World War II is raging, and Amy understands that her Dad has to go away again. He's in the Army, wears a uniform, and has to put this new job above even his family. What she does not understand is why her Mama wants to play baseball and calls that a job, too. It is not until after Amy helps her mother practice throwing and catching enough that Mama is chosen to be on the women's (they called it "girls'" then) team and get a snappy short-skirted uniform to wear that Amy pulls it all together. Instead of working in a factory, Mama will play baseball for her job, and that will help the war effort, too. Adler creates a warm bonding between mother and daughter in this book, which keeps alive the memory of the All-American Girls' Professional Baseball League that provided fans with their favorite sport while so many of the male players were serving in the armed forces. With such names as Chicks, Lassies, and Daisies, these teams lasted until 1954, the "Author's Note" tells us. That certainly dates the story, as do the Depression era oil paintings that wash its pages with browns, taupes and olive drab colors. A good choice for youngsters whose parents are once again serving their country and leaving their families behind to cope. 2003, Harcourt, Ages 5 to 8.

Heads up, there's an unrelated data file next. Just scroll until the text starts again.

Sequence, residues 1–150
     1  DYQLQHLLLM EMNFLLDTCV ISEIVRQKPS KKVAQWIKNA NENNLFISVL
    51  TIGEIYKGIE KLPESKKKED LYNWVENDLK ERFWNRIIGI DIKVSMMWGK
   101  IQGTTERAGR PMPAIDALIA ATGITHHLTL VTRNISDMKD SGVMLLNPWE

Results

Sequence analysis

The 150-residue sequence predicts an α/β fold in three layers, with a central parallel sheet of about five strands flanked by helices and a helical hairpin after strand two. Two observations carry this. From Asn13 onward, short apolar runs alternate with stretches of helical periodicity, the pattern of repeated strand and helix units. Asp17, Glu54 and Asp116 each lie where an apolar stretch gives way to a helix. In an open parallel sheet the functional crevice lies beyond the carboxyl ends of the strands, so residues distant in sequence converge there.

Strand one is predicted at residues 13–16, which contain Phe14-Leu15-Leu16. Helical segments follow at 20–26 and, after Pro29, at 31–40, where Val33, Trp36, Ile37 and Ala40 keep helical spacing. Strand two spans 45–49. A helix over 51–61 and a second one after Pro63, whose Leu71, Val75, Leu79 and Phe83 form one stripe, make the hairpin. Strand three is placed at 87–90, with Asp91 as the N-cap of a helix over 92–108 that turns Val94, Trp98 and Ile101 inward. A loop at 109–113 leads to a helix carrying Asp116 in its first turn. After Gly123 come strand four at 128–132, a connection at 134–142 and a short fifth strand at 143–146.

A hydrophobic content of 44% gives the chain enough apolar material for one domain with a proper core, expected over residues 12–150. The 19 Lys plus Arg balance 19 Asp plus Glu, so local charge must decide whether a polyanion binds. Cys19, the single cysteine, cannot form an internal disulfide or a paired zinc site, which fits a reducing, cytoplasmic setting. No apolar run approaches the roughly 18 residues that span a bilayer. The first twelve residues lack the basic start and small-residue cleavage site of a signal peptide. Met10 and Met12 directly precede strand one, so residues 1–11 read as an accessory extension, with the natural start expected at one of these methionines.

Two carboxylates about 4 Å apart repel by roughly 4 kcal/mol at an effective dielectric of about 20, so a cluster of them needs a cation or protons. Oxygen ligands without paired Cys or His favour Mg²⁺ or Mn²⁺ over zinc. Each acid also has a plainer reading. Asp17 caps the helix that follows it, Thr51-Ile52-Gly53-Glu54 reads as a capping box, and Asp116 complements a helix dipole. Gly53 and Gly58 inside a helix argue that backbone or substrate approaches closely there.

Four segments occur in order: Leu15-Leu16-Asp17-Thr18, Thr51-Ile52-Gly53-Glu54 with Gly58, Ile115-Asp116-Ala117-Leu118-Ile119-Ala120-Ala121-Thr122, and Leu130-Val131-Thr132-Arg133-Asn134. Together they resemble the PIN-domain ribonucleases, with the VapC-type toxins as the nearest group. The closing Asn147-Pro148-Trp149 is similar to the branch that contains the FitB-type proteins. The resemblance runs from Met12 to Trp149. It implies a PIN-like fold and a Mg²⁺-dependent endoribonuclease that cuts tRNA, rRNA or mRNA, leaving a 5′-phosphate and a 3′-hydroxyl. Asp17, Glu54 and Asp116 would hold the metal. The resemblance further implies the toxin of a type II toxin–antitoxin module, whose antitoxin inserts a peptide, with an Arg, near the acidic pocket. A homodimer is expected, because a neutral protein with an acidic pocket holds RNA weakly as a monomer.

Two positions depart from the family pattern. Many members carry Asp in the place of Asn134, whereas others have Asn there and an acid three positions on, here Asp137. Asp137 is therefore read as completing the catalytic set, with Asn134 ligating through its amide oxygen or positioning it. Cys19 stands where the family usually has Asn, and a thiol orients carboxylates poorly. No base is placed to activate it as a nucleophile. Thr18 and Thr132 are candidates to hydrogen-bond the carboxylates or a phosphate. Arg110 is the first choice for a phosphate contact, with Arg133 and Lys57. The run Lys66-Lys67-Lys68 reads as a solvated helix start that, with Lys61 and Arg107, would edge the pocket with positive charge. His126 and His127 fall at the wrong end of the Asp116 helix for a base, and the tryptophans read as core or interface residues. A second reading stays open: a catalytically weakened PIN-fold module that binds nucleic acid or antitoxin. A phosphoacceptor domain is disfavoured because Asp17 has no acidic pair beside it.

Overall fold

— Judy Chernak
School Library Journal
K-Gr 3-While Amy's father is fighting in World War II, her mother gets an unusual job to make ends meet: she becomes a professional baseball player. Though at first the girl wonders, "What kind of job is that?" she enthusiastically roots for Mama during games and helps her practice when she can. Amy narrates the story in direct and simple sentences, focusing on the events that affect her and her family. Adler provides basic historical background in an author's note, but appropriately sticks to the child's perspective in this heartfelt narrative. Full-page oil paintings evoke the time and place. Figures and faces stand out nicely against the comfortable olive and brown tones in the background. Broad neighborhood and crowd scenes alternate with closer views of individuals. After a successful season, Mama dresses for a game but takes her daughter to the bus station instead of the stadium where they meet Dad, his uniform as impressive as Mama's. Amy's surprise for her father turns out to be her own drawings of Mama playing baseball. The revelation is not especially dramatic, but it fits just right with the warm mood of the story. The final painting focuses on the three family members enjoying the peace of home.-Steven Engelfried, Beaverton City Library, OR Copyright 2003 Reed Business Information.
Kirkus Reviews